Torture and humiliation: freed Ukrainians talk about Donbas captivity

Peace to Ukraine, War in the Donbas

The freed Ukrainian hostages are back, but the trauma of their time in Russian captivity is far from behind them. Ukrainian hostage Ivan Tyrenko recalls his time spent in captivity.

Ivan Tyrenko is a released hostage who is undergoing rehabilitation at Kyiv’s the Feofaniya Clinical Hospital. He says his condition is good. He jokes a lot and realizes, little by little, that he is finally free. Tyrenko was one of the 74 prisoners released in a prisoner exchange in December:

“Until now, I couldn’t believe that I’m finally home. It feels like it was a dream! Just a dream!”

Captured on May 16th, near Elenovka by Donetsk militants, Ivan spent over a year and a half as a hostage:

“They would mock and beat us. We were transferred to another prison where they continued to mock us. They then transferred me to Makiivka, ZIK-97 colony, where they keep people imprisoned for life.”

Four people were kept in a small cell. They would be beaten, even for speaking loudly. Their daily foodporridge with mouse droppings.

“Members of the Moscow Patriarchate, I think, came to visit us. They photographed our food, and then were asked for the photos to be deleted so that others would not see what we eat. My dog at home eats better than I did there. I am ashamed to look into her eyes now,” says Ivan. 

Because of the inhuman conditions, Ivan and his cellmate wrote a petition for execution. His letter was declined. They were told to get rid of it or be beaten. The cellmate said they took it.

“They took it and left, laughing at him. They were happy that he was pushed so far,” remembers Ivan. 

Being held captive in these conditions for so long can wear down the morale of even the strongest of soldiers over time:

“It was a miracle somehow. We thought about our relatives. How we would meet them. How to get home as soon as possible. I really wanted to go home.”

The first time the hostages heard about the exchange was on December 25th:

“Before the exchange I couldn’t sleep. I don’t know how the others did, I just couldn’t. I paced back and forth, around the cell. The cell is very small and hard for two to walk at the same time. We decided to divide it in half and walk on opposite sides. That’s how we supported each other. We imagined what it would be like.”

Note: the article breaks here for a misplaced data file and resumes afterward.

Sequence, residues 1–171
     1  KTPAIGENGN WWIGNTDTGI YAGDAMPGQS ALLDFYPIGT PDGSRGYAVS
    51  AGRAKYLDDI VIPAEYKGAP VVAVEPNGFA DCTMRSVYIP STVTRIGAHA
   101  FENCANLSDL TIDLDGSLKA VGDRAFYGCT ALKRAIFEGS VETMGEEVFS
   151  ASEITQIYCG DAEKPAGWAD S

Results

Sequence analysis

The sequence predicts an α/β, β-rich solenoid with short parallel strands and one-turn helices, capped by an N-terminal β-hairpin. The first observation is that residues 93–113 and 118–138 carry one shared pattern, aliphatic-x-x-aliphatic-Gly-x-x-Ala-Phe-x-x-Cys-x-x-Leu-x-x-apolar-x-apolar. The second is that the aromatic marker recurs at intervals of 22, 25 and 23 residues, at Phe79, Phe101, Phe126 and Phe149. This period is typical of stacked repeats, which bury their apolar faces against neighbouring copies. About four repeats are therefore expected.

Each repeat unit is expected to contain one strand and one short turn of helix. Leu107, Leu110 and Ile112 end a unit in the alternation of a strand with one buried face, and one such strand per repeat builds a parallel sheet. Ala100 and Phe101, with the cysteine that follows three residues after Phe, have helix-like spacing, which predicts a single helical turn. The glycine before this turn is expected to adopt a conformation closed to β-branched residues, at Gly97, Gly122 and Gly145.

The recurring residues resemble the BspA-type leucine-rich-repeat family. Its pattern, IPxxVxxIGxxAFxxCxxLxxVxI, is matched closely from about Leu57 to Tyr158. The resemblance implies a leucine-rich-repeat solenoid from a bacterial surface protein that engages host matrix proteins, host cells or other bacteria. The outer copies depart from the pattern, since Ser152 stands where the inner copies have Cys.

Ivan is from Zaporizha. He still hasn’t seen his family. But over the phone, they spoke a lot:

“Now, they don’t leave me alone for a second. They call me every half an hour to make sure I don’t disappear.”

Ivan’s dream is to embrace his mother and see his five-year-old son.

 

Dear readers! Since you’ ve made it to this point, we have a favor to ask. Russia’s hybrid war against Ukraine is ongoing, but major news agencies have gone away, which is why it's extra important to provide news about Ukraine in English. We are a small independent journalist team on a shoestring budget, have no political or state affiliation, and depend on our readers to keep going (using ťhe chance - a big thank you to our generous supporters, we couldn't make it without you). We are now $5,000 short of our financial goal and need your support to continue working. If you like what you see, please help keep us online with a donation!

Tags: , , , ,

Comments

  1. Avatar Brent says:

    More of what Putin’s “Russian MIR” is really like….

  2. Avatar Ihor Dawydiak says:

    Not much has changed in Russia or in any territory that they have occupied beginning with the advent of Muscovy to the age of of the tsars followed by bolshevism/communism and up to the current fascist administration of Putin the Pederast. To be more specific, the medieval/soviet mentality involving the use of brutal force coupled with cruelty has been the norm for authorities when dealing with the general population and even more so when dealing with prisoners of the state. Ivan Tyrenko’s testimony has underlined these basic facts.

  3. Avatar zorbatheturk says:

    Putin the Horrible is doing an Ivan the Terrible.